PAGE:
And there is one major story about the cabin that I did not share on the podcast. Wynn, myself, our friends – Dan, Steve, and others actually had a history with the cabin. For the two Halloweens prior to that November in 1979 we had used the cabin as a setting for Halloween pranks. The first year – we sent out mysterious notes to our “guests” and invited them to a local cemetery on Halloween night around 8:00 pm. After they arrived a van drove up with hooded figures. Without words, they ushered everyone into the van and drove, off. The group had NO idea where they were going. When the van stopped, they got out to see the cabin and torchlight awaiting them. They were ushered forward and seated on blankets. Then Dan and I emerged and read horror stories for a while. After that, we went back to a friends house and partied. Everyone was talking about how spooky the place was, how scary it was to be taken somewhere unknown and the real fear they all had of being shot at by some angry farmer.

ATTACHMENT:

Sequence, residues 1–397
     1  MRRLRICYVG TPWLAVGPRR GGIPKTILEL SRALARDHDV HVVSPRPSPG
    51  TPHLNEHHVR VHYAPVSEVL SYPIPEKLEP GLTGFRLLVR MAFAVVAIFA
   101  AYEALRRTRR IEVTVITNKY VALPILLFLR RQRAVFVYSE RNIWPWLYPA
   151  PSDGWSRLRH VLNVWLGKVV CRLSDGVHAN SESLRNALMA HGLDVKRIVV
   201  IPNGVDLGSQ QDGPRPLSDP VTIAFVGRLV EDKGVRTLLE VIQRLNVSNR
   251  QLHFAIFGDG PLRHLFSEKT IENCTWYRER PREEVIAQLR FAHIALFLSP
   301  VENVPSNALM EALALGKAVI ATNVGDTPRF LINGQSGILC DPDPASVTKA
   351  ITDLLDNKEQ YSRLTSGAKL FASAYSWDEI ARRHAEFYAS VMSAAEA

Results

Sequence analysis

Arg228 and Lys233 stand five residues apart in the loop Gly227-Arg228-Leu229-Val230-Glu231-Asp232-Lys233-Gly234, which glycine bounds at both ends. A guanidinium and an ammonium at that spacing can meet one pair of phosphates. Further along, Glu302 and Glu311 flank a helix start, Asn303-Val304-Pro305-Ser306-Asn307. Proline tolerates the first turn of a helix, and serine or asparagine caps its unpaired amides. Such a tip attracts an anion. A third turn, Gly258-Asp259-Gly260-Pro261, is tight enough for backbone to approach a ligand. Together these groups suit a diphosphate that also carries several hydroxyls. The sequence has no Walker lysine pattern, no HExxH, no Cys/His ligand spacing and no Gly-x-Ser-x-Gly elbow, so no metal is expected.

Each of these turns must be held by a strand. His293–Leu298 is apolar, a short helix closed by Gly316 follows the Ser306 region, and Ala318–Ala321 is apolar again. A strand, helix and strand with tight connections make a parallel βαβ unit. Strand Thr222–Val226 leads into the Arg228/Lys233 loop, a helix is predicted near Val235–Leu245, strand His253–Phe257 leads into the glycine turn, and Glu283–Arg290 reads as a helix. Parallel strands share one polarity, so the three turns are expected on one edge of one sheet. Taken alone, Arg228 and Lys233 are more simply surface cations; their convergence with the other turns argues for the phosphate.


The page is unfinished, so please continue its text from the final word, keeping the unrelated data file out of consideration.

The following Halloween we decided to up the ante. We knew we couldn’t just do the same thing. So we decided we would use their own fears against them. Again, invitations were sent out. This time they had a strange H.P. Lovecraft-inspired art piece on the cover. The envelopes were on blood-red paper. The copy was inviting them to “a summoning” in the moonlight. Again they were invited to meet at a cemetery and again silently transported to the cabin. We knew they would start to relax seeing the same set up as the previous Halloween. But this year proved to be different. After they sat, strange, robed figures came out bearing torches. They were chanting eerily. Dan and I came out as “priests” and began an initiation ceremony. We sliced arms and bled into a chalice which was then passed around with what tasted like blood and everyone had to sip. (It took weeks of experimenting to get the right recipe for something metallic and warm with a thick consistency.) We would sprinkle things into a central fire pit that would sparkle and smoke. Everything building up to some strange summoning ritual. Suddenly a gunshot rang out. Dan went down. A second shot and I was lying on the ground. People were scampering and screaming and not knowing what to do as a figure moved through the woods toward them. People could barely make out a figure against the moonlight with a hat and a rifle (obviously the farmer that owned the land). And then he turned on a flashlight and said something pithy like “I always hate them demon rituals” – revealing himself to be Wynn. We all got up and talked about fear. It led to some awesome conversations.